When in Burgundy thou shalt drink red wine and eat red meat. Ok, if I have to! I’ve never had a problem with the first part of that (although, many would argue that perhaps I do have a problem). The second part has provided challenges as, for many years, I’ve described myself as a vegetarian of sorts. Happily, now I’m probably better classified as ‘selective meat eater’. Just don’t ask me to define what selective means.
Taking the 40-odd kilometre Route de Grand Crus from Dijon to Beaune, rather than the motorway, was an inspired decision. It was just gorgeous, weaving around narrow lanes lined with vines in spring bud and taking short detours through postcard villages.
Beaune (pronounced ‘Bow-ne’), known as the capital of Burgundy wine region, was a delight. A walled city, with cobbles, that offered the conveniences required for modern living while maintaining traditions of the past. It was refreshing that shops closed for a siesta or family lunch on Sunday. One of our highlights was a visit to Patriarche, the former convent comprising five kilometers of wine caves. The self guided tours were supported by excellent audio visual information and tastings. At 13 euros, it was great value – and doable with buggy. It is no coincidence that one of our son’s first word’s was ‘cheers’!
It was in Beaune that we came across today’s surprisingly delicious recipe. Husband had opted for one of the set menus (always a winning strategy for me as it gives me more food to sample). The problem came when he had to choose his entree from options he didn’t like. The most palatable we translated to being eggs in red wine sauce (oeufs en meurette). Hmmm, really – and for dinner? Needless to say, much to Brendon’s disappointment, it quickly became a shared entree. And worked oh so well before my duck confit (one of the selected red meat dishes I enjoy).
This is my version of eggs in red wine, adapted from several I found online. I’ve now added it to one of my cooking class menus. Everyone raised eyebrows when I introduced the recipe – not so after they’d wiped clean their plates after lunch. It’ll take about an hour to cook – do give it a go, it’s worth it.
What you’ll need for two large servings or four smaller ones
350ml pinot noir (from Burgundy of course!)
225ml chicken stock
1 small onion, roughly chopped
1 small carrot, roughly chopped
1 clove of garlic, smashed
Bouquet garni – thyme, bay leaf, parsley
1 bay leaf
80gm bacon or lardons
100g button mushrooms
1 clove garlic, thinly sliced
10 pickling (very small) onions, peeled but whole. (If too big, you can cut in half, but take care they don’t break up.)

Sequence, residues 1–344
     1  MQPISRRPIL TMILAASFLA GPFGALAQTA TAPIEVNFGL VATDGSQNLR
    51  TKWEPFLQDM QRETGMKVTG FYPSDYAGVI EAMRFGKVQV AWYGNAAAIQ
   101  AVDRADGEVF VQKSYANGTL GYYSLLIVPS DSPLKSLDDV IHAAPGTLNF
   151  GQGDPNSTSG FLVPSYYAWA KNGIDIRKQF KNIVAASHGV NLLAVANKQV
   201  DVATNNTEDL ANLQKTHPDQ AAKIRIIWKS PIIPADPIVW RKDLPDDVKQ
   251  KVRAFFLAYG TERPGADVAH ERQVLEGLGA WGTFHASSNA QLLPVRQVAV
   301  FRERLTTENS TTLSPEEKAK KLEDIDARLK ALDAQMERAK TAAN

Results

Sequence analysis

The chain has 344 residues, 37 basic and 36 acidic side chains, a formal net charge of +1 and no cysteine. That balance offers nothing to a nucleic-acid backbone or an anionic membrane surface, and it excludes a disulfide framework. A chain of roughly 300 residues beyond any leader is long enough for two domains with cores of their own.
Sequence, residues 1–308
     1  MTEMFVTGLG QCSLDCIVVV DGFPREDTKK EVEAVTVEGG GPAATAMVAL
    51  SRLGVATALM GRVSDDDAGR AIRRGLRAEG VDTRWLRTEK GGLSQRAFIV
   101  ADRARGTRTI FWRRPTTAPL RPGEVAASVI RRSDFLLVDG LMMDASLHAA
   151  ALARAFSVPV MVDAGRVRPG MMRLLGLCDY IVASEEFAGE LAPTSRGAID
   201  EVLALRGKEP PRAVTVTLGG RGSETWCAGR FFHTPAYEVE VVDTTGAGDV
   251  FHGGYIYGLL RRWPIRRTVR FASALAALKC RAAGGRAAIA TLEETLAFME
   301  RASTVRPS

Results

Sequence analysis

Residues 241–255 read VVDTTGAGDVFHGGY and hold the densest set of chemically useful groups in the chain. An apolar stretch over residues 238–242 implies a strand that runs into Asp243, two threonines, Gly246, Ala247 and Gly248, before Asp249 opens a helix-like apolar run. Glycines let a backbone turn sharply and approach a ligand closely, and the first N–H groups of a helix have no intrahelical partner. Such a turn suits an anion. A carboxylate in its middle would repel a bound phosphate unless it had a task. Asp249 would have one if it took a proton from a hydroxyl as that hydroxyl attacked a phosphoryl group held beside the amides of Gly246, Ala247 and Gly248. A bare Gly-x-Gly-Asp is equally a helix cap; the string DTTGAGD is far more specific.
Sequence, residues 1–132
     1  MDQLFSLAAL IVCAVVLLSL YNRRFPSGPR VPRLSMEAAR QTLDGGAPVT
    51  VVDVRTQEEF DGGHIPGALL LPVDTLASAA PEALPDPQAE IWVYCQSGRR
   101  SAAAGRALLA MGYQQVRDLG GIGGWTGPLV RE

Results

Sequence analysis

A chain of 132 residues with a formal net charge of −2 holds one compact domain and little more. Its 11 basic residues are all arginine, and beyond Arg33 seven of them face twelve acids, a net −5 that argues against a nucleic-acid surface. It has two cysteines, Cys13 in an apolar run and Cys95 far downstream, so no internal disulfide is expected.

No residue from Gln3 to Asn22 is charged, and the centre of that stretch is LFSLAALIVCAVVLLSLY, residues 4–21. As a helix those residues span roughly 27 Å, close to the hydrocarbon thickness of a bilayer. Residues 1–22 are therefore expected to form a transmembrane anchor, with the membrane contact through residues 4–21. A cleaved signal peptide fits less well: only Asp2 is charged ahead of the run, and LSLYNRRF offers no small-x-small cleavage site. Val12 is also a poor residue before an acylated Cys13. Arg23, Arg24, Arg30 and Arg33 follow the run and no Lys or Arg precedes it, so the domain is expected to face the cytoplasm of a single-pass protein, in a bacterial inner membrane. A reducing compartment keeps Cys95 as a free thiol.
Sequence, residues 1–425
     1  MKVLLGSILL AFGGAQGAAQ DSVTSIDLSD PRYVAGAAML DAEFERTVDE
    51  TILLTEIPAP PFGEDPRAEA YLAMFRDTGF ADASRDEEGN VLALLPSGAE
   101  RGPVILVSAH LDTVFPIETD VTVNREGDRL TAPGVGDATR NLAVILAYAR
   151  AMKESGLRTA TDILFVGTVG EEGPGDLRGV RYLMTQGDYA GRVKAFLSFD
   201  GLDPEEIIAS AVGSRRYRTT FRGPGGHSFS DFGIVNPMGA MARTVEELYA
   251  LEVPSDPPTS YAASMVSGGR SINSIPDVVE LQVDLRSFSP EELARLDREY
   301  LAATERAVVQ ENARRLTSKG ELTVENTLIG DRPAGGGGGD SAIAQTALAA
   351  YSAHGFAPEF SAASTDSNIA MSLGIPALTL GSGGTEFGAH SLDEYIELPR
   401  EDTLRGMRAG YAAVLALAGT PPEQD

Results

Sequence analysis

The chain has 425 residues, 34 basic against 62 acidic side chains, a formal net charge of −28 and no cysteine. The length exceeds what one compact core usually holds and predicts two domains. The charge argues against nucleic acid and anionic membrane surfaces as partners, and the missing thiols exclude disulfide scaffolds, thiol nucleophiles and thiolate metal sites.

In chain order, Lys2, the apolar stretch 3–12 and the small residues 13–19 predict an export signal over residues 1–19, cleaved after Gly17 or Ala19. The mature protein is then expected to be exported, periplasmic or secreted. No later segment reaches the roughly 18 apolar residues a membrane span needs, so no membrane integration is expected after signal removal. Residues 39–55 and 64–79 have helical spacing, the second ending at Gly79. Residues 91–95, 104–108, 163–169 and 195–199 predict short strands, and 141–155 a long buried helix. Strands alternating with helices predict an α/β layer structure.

1 Tbsp cornflour
‘Rustic’ bread, such as ciabatta – 4 slices (or use what you’ve got as you’ll see I did).
1 clove garlic, peeled but whole
How to make it
Combine the wine and stock and bring to a boil. Add the onion, carrot, smashed garlic, bouquet garni, bay, and peppercorns. Boil until the liquid has reduced by half.
Meanwhile, melt a third of the butter in a fry pan and fry the bacon until crisp. Drain on paper towels.
Melt another third of the butter and sauté the mushrooms for about five minutes. Add the sliced garlic and continue to sauté, without burning the garlic. Remove and set aside with the bacon.
Melt the rest of the butter and gently sauté the onions, shaking the pan to avoid burning, until they soften (about 15-20 minutes). I tend to cook a bit longer if time permits, using a simmer pad, but you don’t need to. Turn off the heat and add the bacon, mushrooms and garlic back into the pan.
Once your wine liquid has, strain through a sieve and discard the veges. Put the liquid back into the pot and over a low/medium heat.
Mix the cornflour with about 30ml of cold water to form a loose paste. Pour this into the wine and stir until it thickens. Add the liquid to the onion mixture in the fry pan. Heat through and season with salt and pepper. You can set the mixture aside prior to heating, then warm it when required for serving.
To serve, toast the bread and rub with a clove of garlic. Place the croute on your serving plates. (As you can see, I had that old French favourite, Vogels, in the house. So, that’s what I used last week.)
Poach the eggs.
I can’t end this post without raving about our accommodation. La Combotte was the best stay of our trip. This superb B&B in Nantoux, eight kilometers from Beaune, was situated on the family vineyard. Run by the very hospitable Denis, it was hard to fault our time there. I could have quite contentedly moved into the kitchen – check out the locally custom made oven, which Denis was happy for me to use. Nothing was too much trouble during our stay and I can’t wait to go back one winter for the truffle hunt on the property, followed by Denis’ famous truffle risotto. Best I get saving….